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Среда, 19 Март 2014 12:19

Отличие суши от роллов

Суши – это традиционное японское блюдо, имеющее богатую историю. Считается, что суши берут свое начала из Южной Азии, где рис использовали для мариновки рыбы. С течением времени у этого блюда появилось множество видов. Самые популярные на сегодняшний день это - макидзуси (роллы), гункан-маки, осидзуси. С начала 1980-х суши приобрели мировую популярность. Так же как и во всем мире, они популярны и среди жителей нашего города. Многие заведения имеют в меню суши и роллы, но лишь единицы подают на стол качественно приготовленное блюдо японской кухни. Так где же можно поесть вкусные суши в Шымкенте ? Мы предлагаем Вам посетитьресторан «Mozzarella» , что бы насладиться суши и роллами, приготовленными профессиональным поваром для Вас.

В нашем ресторане суши и роллы приготовлены из исключительно свежих продуктов с использованием специального риса для суши, который варится по специальной технологии.

Давайте немного поговорим об отличии суши от роллов

1.Суши - это обязательно приправленная экзотическим японским соусом васаби, свежая рыба, которая укладывается на длинную, прижатую ладонями дольку из риса.

Роллы – это закрученный рулет из риса с разнообразной начинкой. В свою очередь водоросль нори может покрывать ролл или быть внутри него.

2. Начинка является основным отличием суши и роллов. Для классических суши – это неизменно свежие морепродукты , а роллы включают в себя не только морепродукты , но и фрукты, сыр, овощи, мясо и т.д.

3. Еще одно различие роллов и суши в их употреблении. Для суши обязательно нужно использовать палочки, а вот отдельные виды роллов нужно кушать с помощью пальцев.

 

Ресторан «Mozzarella» в Шымкенте предлагает Вам попробовать самые вкусные в городе суши и роллы, а так же и другие блюда из предлагаемого меню, ну и просто приятно провести время с друзьями.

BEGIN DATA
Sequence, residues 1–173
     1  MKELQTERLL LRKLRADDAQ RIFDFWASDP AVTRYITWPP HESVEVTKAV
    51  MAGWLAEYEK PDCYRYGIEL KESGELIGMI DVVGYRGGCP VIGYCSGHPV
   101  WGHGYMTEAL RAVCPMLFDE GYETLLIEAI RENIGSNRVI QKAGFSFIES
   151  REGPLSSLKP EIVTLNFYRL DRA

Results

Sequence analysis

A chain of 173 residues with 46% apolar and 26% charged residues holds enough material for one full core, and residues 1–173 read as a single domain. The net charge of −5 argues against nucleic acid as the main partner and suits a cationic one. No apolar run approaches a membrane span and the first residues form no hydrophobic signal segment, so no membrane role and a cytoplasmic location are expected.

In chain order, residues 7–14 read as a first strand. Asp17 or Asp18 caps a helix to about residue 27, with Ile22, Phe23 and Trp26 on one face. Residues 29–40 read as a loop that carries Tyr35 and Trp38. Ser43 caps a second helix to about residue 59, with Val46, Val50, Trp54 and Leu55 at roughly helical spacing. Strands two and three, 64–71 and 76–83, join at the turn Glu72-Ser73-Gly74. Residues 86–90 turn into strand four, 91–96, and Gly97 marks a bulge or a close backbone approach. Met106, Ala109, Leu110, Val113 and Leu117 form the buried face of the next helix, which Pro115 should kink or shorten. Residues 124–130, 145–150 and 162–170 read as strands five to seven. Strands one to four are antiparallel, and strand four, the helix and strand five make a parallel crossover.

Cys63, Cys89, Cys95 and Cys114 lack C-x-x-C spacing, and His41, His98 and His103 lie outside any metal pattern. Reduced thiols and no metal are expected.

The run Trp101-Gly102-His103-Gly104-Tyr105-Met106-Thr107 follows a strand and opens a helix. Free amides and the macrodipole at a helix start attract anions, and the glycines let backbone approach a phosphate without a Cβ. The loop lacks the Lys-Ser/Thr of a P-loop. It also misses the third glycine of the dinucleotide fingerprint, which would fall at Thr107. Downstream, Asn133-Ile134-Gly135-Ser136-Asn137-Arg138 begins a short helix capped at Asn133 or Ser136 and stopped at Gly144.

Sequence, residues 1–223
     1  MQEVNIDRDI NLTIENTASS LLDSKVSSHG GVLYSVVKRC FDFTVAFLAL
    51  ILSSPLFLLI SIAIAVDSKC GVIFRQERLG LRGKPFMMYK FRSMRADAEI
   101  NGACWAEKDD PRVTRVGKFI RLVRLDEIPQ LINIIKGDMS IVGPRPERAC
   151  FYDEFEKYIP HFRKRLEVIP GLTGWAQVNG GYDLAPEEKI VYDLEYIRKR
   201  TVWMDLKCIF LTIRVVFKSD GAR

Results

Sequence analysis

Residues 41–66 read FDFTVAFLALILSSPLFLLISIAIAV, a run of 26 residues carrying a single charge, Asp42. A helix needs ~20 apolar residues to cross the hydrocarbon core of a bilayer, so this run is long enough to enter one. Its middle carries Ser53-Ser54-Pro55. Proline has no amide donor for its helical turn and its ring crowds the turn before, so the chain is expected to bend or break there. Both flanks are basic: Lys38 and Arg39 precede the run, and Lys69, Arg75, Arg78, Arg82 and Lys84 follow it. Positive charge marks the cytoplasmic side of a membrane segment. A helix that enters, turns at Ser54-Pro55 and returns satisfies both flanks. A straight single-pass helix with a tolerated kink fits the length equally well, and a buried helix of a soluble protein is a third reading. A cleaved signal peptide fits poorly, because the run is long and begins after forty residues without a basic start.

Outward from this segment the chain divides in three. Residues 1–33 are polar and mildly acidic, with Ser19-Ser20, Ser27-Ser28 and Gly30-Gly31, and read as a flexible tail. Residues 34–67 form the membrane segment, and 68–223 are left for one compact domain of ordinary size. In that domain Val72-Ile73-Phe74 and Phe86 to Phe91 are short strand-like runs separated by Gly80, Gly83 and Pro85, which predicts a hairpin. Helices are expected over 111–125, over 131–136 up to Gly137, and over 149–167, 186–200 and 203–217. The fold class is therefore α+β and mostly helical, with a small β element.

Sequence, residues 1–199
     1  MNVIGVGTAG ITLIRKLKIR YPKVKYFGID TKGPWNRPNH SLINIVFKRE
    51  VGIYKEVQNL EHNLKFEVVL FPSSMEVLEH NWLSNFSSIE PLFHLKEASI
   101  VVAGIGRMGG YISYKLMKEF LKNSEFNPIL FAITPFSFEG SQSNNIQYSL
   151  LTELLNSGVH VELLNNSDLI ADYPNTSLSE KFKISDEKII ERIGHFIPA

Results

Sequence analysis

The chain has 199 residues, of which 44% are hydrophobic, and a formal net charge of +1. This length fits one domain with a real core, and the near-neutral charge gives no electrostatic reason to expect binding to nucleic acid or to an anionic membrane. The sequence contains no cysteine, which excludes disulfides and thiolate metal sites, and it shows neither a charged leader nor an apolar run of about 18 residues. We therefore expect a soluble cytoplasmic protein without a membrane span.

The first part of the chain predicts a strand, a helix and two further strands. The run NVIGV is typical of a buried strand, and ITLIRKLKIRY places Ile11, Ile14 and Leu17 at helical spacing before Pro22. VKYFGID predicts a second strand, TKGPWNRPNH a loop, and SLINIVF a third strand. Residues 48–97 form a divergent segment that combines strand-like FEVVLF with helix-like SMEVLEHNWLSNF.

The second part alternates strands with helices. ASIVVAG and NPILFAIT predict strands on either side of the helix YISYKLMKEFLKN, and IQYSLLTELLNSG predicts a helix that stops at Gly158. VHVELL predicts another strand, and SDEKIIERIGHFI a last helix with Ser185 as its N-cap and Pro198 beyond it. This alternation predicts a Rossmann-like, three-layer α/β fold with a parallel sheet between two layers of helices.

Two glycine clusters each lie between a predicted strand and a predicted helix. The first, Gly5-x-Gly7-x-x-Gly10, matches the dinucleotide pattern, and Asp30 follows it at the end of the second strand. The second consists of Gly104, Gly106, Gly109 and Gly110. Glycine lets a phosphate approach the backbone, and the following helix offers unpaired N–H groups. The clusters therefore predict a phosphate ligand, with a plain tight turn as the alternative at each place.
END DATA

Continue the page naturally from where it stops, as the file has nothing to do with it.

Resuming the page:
2 комментарии

  • MichaelDub

    Overview
    The navicular bone is located on the top of the foot near the arch. People who have this extra bone can feel a bump or bony protuberance on the top of the foot above the arch. While the bone itself does not cause pain, accessory navicular syndrome can develop when the bone and/or nearby tendon is irritated. The navicular bone is attached to muscles, ligaments and the posterior tibial tendon. Since ligaments and tendons have poor blood supply and don?t heal easily, any irritation to the surrounding structures can develop into a painful condition.



    Causes
    Most of the time, this condition is asymptomatic and people may live their whole lives unaware that they even have this extra bone. The main reason the accessory navicular bone becomes problematic is when pain occurs. There is no need for intervention if there is no pain. The accessory navicular bone is easily felt in the medial arch because it forms a bony prominence there. Pain may occur if the accessory bone is overly large causing this bump on the instep to rub against footwear.

    Symptoms